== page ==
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The company caters for inbound tourism and hires with its own fleet, and also the corporate sector, and has been particularly successful in the golf tour market, where it has developed its “Jerry Quinlans Celtic Golf ” brand. Coaches used for this are highly specified, with full aircon, catering, entertainment systems, leather seats etc. Seen above is 08-KY-555, one of a couple of new VanHools bought for the golf tours this year.

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In 2007 Kerry added significantly to their main fleet with a mix of Setras and Vanhools – three of the 07 Setras are seen above.

Like most of the operatorsw at the quality end of the spectrum, Kerry Coaches have enjoyed the boom years, but are confident that they can continue to do well despite uncertain times ahead by investing in their people, vehicles and delivering a quality product to the customer.

Long may they continue.

More ex-DB Olympians find home at Dualways

While visiting Dualway to file a report for CBW Magazine on new additions to their very fine coaching fleet, I unexpectedly came across some old friends from the Bus Atha Cliath fleet in exile.

Dualway has built up quite a fleet of former Dublin Bus RH types, but they are now acquiring some of the more modern RA (Volvo) Olympians now that these are being sold by Dublin Bus.

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ex-RA273 – click for fullsize image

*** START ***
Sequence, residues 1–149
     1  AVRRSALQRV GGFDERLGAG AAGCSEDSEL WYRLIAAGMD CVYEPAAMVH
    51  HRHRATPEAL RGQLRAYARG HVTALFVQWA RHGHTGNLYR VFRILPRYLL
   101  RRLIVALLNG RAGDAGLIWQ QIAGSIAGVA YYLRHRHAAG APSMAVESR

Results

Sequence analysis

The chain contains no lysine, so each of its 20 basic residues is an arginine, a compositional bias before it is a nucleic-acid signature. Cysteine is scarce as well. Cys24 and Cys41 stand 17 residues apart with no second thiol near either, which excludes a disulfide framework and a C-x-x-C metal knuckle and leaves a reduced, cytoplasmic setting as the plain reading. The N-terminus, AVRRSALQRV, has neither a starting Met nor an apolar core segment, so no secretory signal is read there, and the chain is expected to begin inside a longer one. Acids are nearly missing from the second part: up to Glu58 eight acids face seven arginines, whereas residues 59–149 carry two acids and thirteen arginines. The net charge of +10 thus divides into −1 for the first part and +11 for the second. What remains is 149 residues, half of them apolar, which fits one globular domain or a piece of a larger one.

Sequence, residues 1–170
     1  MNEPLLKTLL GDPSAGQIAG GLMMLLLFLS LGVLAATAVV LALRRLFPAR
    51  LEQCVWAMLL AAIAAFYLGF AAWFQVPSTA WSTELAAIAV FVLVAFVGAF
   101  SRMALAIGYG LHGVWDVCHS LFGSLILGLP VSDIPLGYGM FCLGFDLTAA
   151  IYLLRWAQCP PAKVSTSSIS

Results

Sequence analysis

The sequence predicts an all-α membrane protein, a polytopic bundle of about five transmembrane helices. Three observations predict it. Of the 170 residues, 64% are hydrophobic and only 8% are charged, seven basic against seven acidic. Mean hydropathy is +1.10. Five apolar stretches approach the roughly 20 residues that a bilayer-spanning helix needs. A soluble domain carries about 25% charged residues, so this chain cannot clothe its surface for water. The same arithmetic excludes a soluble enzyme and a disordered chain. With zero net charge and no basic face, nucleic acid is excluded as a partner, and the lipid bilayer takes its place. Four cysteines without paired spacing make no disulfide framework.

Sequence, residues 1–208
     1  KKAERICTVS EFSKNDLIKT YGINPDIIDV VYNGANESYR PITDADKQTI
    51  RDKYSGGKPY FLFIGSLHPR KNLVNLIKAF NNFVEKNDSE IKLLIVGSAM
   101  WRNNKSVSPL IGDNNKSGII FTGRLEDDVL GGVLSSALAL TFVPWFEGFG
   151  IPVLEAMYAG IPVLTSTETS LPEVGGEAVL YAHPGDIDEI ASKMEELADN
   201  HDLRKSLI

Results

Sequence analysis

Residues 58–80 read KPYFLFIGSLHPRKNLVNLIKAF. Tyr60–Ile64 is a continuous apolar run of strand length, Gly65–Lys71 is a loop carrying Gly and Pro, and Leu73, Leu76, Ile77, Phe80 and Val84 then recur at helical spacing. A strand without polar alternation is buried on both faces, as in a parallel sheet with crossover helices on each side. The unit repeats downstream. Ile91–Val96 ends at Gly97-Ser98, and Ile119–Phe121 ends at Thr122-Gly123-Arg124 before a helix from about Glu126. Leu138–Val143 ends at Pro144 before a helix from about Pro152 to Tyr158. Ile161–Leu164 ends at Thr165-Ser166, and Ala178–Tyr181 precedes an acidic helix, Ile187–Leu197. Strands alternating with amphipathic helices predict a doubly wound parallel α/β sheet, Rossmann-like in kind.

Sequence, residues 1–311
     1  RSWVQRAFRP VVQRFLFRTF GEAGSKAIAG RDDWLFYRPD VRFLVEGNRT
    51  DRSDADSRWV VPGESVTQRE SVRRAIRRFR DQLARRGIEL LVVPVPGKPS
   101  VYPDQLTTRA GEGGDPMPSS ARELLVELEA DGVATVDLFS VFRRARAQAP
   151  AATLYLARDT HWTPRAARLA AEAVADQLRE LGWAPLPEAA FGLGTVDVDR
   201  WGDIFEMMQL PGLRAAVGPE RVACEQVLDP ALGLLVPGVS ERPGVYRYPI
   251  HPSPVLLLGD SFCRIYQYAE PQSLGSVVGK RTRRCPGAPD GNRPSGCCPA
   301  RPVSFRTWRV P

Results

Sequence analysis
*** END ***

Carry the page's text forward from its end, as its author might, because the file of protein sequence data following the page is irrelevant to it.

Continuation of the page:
Former Clontarf bus RA273, which hung on in service on the 130 route until very recently, has already had its open-top conversion and repaint, and looks just about ready to go on the road.

Dualway do most of their own engineering work, and to a very high standard too.

Note the 3-bay-covered conversion – given the huge amount of rain we had last summer, you can’t blame the company for hedging their bets!

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Former Donnybrook bus RA256 is next to get attention, and is seen here in the workshop at the assessment stage.

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Sister vehicle RA257 is also acquired, and is currently stored in the depot pending refurbishment.

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Dualway also has a growing fleet of purpose-built lowfloor accessible open-toppers, with another due to arrive shortly, but these were all out earning their keep while I was there.

The above shot shows one of Dualways covered-top lowfloor buses, and some of the Routemasters acquired for sightseeing work a couple of years ago – use of these tends to be seasonal, and for special events.

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Finally, I musn’t forget to mention the coach I had come to see, a new 08-registered MarcoPolo/DAF which has just joined the coaching fleet. Dualway do a lot of private hire and some corporate coaching, and have built up a quality fleet of modern coaches, all bought new, over the last several years.

As well as sight-seeing and coaching, the firm operates local services in southwest Dublin, particularly around Tallaght and Rathcoole, and has lowfloor accessible single-deck buses as well as the double-decks.

All in all, a firm to watch, with nice mix of the modern and the classic, and setting the standards for the best in private operation.